Upper Mustang Trek

17 days | Best season: March-May, Sept-Nov. | Min. 2 persons. | Max altitude: 3,780m | Moderate trekking


Mustang is one of Nepal's most mysterious and least known kingdoms. The landscape is a barren moonscape of eroded sandstone pillars and discontinuous moraine terraces, which together present a colorful mosaic made up principally of earthen reds, yellows and brown. Trekking is relatively easy along the permitted route to Lo Manthang, the capital city which lies close to the Tibetan border. The trek to Mustang is through an almost treeless barren landscape. Strong winds generally howl across the area in the afternoon, generally subsiding at night. Being in the rain shadow of the Himalaya, Mustang has much less rain than the rest of Nepal. Mustang lying in the rain shadow of the Himalayas is perhaps the last enclave of pristine Tibetan culture. Forbidden and isolated from the rest of the world for decades, it was able to evolve within its own distinctive culture and traditional which is so rich and unique. Lo Manthang, the capital city is walled and still ruled by a religious and spiritual king. Untouched by modern civilization, life in Mustang goes on as it has for centuries in unhurried pace. As everywhere in the Himalayas, this area provides spectacular mountain scenery highlighted by Dhaulagiri at 8,167 meters and Annapurna I at 8,091 meters. You will be surrounded by more than 35 mountains over 6,000 meters high.

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Mustang Tiji Festival Trek

19 days | Dates: May 07- May 25 for 2015 | Min. 2 persons. | Max altitude: 3,730m | Moderate trekking

In 2014 this festival was held May 25 - 27.

Tiji festival in Mustang is a three-day ritual known as "the chasing of the Demons" that centers on the Tiji myth. The myth tells of a deity named Dorje Jono who must battle against his demon father to save the Kingdom of Mustang from destruction. The demon father wreaked havoc on Mustang by bringing a shortage of water (a highly precious resource in this very dry land) and causing many resulting disasters from famine including animal loss. Dorje Jono eventually beats the demon and banishes him from the land.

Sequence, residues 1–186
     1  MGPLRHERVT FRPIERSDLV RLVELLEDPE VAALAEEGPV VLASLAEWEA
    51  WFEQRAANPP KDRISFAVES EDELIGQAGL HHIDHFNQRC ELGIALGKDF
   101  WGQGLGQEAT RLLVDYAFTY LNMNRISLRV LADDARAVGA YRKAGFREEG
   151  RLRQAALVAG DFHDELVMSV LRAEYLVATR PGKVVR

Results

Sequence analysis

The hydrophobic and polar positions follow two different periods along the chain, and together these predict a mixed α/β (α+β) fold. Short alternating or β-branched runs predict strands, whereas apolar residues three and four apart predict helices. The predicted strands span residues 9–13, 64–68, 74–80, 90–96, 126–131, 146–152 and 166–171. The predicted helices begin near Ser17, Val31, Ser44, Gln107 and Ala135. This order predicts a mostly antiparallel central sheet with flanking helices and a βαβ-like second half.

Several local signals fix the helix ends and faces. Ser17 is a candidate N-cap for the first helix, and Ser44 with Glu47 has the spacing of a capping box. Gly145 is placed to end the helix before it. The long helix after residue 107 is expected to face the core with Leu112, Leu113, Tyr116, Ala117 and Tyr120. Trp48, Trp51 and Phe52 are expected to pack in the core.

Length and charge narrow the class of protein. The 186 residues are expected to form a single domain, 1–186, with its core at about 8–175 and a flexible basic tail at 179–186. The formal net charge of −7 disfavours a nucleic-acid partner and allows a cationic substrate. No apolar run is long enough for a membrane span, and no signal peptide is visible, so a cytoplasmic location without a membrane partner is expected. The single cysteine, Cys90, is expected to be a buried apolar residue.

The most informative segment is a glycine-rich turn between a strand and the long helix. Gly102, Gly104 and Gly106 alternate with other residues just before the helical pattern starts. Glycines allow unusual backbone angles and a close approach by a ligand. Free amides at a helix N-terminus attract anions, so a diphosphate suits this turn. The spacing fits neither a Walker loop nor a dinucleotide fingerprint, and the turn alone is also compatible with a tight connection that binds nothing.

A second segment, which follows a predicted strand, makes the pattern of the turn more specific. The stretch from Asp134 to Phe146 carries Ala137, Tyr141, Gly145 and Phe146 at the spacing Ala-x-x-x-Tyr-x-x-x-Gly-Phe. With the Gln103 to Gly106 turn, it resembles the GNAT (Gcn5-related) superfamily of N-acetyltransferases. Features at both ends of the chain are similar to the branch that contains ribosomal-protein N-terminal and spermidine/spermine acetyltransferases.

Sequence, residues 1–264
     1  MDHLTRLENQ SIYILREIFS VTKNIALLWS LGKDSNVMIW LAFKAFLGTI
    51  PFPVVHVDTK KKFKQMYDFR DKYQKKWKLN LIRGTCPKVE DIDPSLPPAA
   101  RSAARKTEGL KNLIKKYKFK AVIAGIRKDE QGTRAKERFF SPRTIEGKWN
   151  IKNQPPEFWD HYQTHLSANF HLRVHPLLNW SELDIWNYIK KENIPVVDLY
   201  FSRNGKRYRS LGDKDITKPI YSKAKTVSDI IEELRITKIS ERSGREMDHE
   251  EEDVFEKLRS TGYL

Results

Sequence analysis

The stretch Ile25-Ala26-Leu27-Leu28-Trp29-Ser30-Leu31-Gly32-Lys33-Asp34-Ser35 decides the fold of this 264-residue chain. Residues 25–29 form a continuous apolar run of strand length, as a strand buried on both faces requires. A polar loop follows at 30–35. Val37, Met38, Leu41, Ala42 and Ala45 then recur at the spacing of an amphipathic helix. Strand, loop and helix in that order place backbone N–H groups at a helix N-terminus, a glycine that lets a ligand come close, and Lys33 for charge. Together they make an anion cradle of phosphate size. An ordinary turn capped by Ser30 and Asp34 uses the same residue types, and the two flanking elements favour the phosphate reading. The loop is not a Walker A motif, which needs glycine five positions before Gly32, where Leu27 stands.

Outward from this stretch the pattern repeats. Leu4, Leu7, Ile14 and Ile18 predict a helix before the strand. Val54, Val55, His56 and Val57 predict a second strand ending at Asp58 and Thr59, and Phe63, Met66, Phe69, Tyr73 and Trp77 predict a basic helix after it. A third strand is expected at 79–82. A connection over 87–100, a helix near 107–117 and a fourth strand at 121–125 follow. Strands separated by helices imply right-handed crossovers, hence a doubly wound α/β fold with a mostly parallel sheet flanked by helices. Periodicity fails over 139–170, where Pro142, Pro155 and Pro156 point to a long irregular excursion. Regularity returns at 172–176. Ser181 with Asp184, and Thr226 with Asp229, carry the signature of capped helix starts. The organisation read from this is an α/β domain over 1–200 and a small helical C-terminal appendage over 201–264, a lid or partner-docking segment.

Tiji is a celebration and reaffirmation of this myth and throughout the festival the various scenes of the myth will be enacted. It is of course timed to coincide with the end of the dry winter/spring season and will usher in the wetter monsoon season (the harvesting season for Mustang). Tiji comes from the word ten che meaning ‘the hope of Buddha Dharma prevailing in the world' and is effectively a spring renewal festival. Mustang is a remote, semi-independent Tibetan kingdom within the territory of Nepal (just north of the Annapurna Region on the Tibetan border), and one of the last bastions of undisturbed Tibetan culture in the world. Buddhist monasteries and nunneries are built into forbidding cliffs and mountain ledges, and the starkly beautiful, windy, arid Tibetan plateau is unbroken for many hours of trekking or riding on horseback. The trek enters Upper Mustang at Kagbeni, a quaint medieval town nestled among apple orchards and encircled by snow mountains.

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